2 March 2005

Time to thaw out that golf swing

Spring has arrived and it's time to polish off those rust spots that have formed on your clubs. That's relatively easy to do, but what about your golf game? A long break from the game can provide a valuable opportunity to replace bad habits with good ones.

The first to go after a prolonged absence from playing is touch and feel on and around the green. Luckily, you can address this before you hit the course by creating a solid pre-round "short game" routine. This will reap benefits throughout the entire season.

This drill helps put the "feel" back into your putting. Place two tees about a putter's length apart in the green. Pace off five full strides (about five yards), and place one tee in the green; repeat this and put another at the ten-yard point in the green. If space and time allows, include a tee at fifteen paces as well.

Starting from the five-yard point, stand facing the two tees and toss a ball underhanded towards them. The goal is to have the ball stop between the two tees while not worrying about the target, just "feeling" the distance. Repeat this until you begin to get the balls to stop consistently near the imaginary line between the two tees.

Now switch to your putter and putt with your regular stance until you get the same feel for the distance. Once you've got a grasp on that distance, move back to the ten-yard tee and begin again.

Note: You can also do this from around the green if the course allows chipping practice. The important thing is that you regain your feel and touch for distance.
- Chi Chi Rodriguez.

So should you, but you should practice it until you love it. This is a crucial distance that can make or break your score and is often left out of golfers' warm-up routines. The first drill may be less exciting than others, but it will give you an edge over your buddies and possibly translate into money?or at least low scores?for you.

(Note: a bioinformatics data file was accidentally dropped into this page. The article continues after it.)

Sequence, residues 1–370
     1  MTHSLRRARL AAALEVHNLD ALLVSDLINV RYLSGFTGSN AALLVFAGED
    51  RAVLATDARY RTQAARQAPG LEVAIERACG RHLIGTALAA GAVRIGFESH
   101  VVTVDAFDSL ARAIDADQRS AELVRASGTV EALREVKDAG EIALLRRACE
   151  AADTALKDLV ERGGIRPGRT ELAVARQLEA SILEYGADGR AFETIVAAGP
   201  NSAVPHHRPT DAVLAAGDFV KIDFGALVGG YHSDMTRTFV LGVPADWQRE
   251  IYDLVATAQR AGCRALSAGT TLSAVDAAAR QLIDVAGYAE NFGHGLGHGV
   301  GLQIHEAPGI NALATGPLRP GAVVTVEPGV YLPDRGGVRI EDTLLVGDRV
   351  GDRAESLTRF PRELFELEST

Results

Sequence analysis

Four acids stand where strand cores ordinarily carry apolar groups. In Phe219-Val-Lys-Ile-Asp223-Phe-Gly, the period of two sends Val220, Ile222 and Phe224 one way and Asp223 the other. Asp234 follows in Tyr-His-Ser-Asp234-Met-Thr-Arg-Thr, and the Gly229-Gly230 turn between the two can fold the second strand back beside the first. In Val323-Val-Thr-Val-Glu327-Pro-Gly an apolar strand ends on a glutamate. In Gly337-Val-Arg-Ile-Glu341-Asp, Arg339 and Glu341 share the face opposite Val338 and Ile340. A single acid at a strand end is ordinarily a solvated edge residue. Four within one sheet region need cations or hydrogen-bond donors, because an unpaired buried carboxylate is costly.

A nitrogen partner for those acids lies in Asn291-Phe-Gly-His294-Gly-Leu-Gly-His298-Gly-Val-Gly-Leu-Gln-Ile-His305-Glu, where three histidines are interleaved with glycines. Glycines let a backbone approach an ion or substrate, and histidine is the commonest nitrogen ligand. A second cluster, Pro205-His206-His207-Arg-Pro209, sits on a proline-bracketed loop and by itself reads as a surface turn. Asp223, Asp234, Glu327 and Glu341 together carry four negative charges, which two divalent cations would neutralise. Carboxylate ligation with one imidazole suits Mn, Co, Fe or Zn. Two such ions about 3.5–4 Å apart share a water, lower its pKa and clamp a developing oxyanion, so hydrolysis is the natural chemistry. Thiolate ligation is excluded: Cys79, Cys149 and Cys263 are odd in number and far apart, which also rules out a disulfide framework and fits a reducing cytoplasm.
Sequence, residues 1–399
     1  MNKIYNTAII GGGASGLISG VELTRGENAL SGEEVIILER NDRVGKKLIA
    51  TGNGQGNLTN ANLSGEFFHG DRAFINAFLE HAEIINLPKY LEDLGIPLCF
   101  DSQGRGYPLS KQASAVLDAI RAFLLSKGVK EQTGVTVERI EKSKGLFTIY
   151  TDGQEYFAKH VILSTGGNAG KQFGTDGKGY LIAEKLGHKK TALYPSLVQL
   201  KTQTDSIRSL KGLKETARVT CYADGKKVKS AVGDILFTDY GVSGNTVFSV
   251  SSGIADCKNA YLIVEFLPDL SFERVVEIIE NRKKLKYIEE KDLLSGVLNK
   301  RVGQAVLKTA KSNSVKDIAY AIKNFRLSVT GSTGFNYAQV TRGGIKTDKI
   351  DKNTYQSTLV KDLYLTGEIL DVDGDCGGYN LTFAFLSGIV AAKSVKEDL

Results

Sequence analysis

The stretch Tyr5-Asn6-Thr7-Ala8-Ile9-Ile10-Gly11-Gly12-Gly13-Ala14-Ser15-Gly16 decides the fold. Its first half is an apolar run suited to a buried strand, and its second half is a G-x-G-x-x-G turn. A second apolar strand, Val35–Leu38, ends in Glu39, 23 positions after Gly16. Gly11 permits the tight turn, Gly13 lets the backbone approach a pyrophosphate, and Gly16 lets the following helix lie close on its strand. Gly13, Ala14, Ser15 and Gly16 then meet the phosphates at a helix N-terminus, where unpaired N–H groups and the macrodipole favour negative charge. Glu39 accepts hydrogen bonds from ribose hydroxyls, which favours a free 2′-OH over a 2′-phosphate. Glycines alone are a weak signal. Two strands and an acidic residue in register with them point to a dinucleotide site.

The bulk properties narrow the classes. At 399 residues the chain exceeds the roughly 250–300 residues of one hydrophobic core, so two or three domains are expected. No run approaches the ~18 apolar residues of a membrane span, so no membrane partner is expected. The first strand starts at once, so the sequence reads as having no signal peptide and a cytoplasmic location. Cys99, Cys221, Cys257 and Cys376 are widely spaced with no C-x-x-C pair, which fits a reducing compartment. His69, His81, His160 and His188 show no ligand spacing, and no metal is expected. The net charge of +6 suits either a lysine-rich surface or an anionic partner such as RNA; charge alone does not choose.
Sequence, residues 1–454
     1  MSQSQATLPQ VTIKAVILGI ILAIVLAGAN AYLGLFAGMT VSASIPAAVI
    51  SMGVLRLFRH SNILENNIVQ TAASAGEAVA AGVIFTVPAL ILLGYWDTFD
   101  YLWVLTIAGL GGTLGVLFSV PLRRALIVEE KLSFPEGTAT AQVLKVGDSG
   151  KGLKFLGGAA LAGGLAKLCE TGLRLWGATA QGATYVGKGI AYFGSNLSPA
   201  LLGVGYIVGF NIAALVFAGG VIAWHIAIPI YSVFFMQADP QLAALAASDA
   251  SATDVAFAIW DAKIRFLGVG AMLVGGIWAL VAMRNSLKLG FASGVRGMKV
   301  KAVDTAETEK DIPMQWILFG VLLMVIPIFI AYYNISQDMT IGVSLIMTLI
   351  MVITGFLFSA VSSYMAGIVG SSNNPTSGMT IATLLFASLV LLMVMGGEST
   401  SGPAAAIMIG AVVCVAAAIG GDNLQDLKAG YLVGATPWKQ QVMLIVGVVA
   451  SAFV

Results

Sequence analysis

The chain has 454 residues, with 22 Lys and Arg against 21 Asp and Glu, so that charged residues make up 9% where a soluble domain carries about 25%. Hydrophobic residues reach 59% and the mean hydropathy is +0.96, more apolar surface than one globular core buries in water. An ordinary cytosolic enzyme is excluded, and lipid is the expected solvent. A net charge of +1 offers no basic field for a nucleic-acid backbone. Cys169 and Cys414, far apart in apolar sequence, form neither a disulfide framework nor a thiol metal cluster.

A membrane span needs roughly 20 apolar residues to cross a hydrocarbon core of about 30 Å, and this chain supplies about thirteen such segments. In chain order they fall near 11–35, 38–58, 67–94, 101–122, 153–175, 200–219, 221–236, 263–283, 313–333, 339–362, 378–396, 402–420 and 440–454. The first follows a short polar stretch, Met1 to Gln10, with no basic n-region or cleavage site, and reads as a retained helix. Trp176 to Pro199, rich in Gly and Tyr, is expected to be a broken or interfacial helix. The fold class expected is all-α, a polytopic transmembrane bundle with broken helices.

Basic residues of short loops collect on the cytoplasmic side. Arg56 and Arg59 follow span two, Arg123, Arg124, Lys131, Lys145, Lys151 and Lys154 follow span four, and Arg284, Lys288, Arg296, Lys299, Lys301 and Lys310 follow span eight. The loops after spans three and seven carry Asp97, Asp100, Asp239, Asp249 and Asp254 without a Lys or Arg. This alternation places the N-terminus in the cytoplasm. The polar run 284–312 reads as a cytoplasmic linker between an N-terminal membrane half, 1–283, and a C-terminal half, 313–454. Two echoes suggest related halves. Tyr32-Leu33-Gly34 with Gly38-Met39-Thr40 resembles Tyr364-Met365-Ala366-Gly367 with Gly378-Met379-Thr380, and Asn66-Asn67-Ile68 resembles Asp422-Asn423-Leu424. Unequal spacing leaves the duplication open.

Place six balls in a circle around the cup at the three-foot distance (about the length of your putter, plus a bit). Simply begin putting them in one after another until you sink them all. If one doesn't drop, set them up and start again until they do.

Both these drills are simple and will help melt the frost off your short game.

The most important lesson that a lengthy break from playing golf teaches us is that having no expectations actually enhances our game. Nobody expects to split the fairway with his or her first shot of the year, so you are free to swing at the ball without any "swing thoughtsh getting in the way.

A free, uninhibited swing usually allows for improved impact and an all-round better shot. You've probably heard someone say: "Wow, maybe I shouldn't practice, I play better this way!h Although the phenomenon is usually short-lived, it is the product of playing without grand expectations on every shot.

If you do have a specific swing thought, I recommend you keep it simple?one per day, making sure it's positive and clear in your mind before you address the ball. Layering swing thought upon swing thought is a sure recipe for disaster. Trying to process data from the top of your back swing into your down swing simply doesn't work.

Bennett Galloway, 2 March 2005

Previous Columns
  • Golf made easy

  • About Bennett
    Bennett is a long time resident of Japan and the Director of Golf for Gotemba Golf Club and Belle View Nagao G.C., in Shizuoka near Mt. Fuji. Member of the Golf Writers Association of America and a teaching professional, providing lessons for all ages and abilities, in English or Japanese. He also specializes in in-bound golf tours to Japan with Golf Shizuoka and Golf Hakone.

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